JOURNAL ARTICLE

Influence of the hole geometry on the flow distribution in ventricular catheters for hydrocephalus

Ángel Giménez, Marcelo Galarza, Olga Pellicer, José Valero, José M Amigó
Biomedical Engineering Online 2016 July 15, 15 Suppl 1: 71
27455059

BACKGROUND: Hydrocephalus is a medical condition consisting of an abnormal accumulation of cerebrospinal fluid within the brain. A catheter is inserted in one of the brain ventricles and then connected to an external valve to drain the excess of cerebrospinal fluid. The main drawback of this technique is that, over time, the ventricular catheter ends up getting blocked by the cells and macromolecules present in the cerebrospinal fluid. A crucial factor influencing this obstruction is a non-uniform flow pattern through the catheter, since it facilitates adhesion of suspended particles to the walls. In this paper we focus on the effects that tilted holes as well as conical holes have on the flow distribution and shear stress.

METHODS: We have carried out 3D computational simulations to study the effect of the hole geometry on the cerebrospinal fluid flow through ventricular catheters. All the simulations were done with the OpenFOAM® toolbox. In particular, three different groups of models were investigated by varying (i) the tilt angles of the holes, (ii) the inner and outer diameters of the holes, and (iii) the distances between the so-called hole segments.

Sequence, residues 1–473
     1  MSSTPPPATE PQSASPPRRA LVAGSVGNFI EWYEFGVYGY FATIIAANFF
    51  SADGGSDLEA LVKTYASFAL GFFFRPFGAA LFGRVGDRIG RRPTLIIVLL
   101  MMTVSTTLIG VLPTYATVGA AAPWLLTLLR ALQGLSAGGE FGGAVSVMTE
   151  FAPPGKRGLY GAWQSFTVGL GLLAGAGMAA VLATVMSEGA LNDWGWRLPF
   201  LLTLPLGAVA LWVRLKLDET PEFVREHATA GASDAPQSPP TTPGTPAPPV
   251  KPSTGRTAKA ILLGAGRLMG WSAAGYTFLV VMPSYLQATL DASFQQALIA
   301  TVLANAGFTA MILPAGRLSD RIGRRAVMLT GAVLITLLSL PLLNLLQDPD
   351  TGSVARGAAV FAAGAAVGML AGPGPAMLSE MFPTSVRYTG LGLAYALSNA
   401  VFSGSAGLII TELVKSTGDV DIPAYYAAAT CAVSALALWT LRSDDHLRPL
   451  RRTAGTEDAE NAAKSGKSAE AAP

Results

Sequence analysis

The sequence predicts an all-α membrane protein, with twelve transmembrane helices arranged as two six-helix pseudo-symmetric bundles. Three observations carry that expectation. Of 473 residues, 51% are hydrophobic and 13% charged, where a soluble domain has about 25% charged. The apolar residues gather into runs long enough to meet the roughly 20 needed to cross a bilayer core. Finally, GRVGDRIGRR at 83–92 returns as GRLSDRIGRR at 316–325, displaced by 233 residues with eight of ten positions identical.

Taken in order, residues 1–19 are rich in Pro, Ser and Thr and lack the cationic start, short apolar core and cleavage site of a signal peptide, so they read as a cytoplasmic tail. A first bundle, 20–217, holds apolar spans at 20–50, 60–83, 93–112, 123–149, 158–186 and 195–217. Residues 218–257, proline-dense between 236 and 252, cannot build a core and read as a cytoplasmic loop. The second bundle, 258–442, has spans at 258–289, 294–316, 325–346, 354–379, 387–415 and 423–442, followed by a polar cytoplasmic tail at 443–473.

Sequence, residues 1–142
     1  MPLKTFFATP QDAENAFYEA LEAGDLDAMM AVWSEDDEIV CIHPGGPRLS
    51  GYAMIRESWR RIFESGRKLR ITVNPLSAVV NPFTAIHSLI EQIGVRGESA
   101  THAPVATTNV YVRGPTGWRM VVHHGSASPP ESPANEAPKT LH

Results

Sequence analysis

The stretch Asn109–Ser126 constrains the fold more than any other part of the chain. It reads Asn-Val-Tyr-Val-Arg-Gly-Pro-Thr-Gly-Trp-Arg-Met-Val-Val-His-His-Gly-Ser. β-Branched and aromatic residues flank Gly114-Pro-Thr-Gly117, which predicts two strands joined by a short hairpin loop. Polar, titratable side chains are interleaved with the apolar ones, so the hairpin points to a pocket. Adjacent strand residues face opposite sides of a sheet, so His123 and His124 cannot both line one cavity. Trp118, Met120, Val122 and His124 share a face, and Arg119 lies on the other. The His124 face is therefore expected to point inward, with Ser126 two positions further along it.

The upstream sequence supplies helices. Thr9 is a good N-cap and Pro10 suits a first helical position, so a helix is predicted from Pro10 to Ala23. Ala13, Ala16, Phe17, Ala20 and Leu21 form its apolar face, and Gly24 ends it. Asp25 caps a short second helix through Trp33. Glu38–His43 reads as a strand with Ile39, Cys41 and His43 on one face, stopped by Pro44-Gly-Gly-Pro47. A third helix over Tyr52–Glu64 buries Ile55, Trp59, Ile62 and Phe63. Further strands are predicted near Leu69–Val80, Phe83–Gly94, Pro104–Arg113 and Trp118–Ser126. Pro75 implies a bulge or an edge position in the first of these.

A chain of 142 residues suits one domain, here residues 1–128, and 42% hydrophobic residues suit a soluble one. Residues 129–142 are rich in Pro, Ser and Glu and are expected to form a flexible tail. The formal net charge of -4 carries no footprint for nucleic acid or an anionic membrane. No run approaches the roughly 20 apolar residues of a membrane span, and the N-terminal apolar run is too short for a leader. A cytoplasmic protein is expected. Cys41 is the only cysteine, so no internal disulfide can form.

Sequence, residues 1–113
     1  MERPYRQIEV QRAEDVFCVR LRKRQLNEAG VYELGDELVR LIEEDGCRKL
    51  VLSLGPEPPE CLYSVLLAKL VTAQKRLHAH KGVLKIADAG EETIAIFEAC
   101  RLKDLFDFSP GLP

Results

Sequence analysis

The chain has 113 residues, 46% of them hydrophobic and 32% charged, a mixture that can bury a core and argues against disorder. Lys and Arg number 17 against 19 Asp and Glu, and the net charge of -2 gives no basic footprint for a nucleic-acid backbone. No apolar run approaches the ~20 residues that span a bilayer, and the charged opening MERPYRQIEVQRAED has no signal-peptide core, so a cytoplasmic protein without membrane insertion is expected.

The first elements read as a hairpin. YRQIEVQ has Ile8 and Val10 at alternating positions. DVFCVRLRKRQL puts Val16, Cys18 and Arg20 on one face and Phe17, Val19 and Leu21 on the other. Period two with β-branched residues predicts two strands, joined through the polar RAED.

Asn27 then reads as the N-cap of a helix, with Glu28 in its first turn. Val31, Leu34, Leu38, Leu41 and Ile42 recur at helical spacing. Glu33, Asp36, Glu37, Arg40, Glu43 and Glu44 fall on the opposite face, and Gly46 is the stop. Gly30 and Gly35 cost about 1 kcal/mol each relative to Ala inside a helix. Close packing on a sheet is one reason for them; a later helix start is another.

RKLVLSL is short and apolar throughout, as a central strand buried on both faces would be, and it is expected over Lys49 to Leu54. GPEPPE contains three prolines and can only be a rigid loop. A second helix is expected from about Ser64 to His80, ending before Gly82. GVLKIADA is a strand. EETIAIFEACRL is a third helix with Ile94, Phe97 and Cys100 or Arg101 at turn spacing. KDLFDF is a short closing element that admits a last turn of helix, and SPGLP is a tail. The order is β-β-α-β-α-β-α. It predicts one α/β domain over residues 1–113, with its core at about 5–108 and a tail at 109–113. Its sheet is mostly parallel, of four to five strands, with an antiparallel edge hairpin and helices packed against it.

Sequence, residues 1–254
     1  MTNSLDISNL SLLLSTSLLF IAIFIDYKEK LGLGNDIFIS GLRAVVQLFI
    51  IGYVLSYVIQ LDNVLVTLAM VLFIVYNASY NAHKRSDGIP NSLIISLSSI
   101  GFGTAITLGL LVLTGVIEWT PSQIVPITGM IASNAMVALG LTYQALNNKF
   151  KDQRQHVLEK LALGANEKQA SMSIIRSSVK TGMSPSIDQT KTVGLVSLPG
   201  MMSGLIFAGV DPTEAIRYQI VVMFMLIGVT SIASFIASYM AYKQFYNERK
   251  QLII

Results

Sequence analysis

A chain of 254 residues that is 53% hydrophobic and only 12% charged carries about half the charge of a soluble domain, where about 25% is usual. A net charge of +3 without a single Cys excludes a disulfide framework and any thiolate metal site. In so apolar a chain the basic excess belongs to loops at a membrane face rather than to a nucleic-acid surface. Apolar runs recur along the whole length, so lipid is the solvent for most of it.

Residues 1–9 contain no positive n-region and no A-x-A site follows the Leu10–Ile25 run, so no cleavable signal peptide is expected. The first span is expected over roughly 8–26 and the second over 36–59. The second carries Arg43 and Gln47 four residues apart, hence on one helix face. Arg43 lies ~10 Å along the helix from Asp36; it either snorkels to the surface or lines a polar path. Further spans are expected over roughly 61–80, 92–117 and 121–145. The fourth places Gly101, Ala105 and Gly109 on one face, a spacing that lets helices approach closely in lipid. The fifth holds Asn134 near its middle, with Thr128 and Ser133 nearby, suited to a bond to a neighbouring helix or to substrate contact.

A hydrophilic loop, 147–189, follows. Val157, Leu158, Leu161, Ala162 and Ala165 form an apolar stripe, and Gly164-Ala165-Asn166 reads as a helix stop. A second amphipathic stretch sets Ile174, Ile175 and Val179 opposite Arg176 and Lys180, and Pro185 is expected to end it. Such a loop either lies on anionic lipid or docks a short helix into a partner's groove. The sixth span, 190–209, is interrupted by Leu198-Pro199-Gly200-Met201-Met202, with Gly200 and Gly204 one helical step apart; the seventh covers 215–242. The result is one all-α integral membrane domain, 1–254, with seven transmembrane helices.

RESULTS: The replacement of cylindrical holes by conical holes was found to have a strong influence on the flow distribution and to lower slightly the shear stress. Tilted holes did not involve flow distribution changes when the hole segments are sufficiently separated, but the mean shear stress was certainly reduced.

CONCLUSIONS: The authors present new results about the behavior of the fluid flow through ventricular catheters. These results complete earlier work on this topic by adding the influence of the hole geometry. The overall objective pursued by this research is to provide guidelines to improve existing commercially available ventricular catheters.

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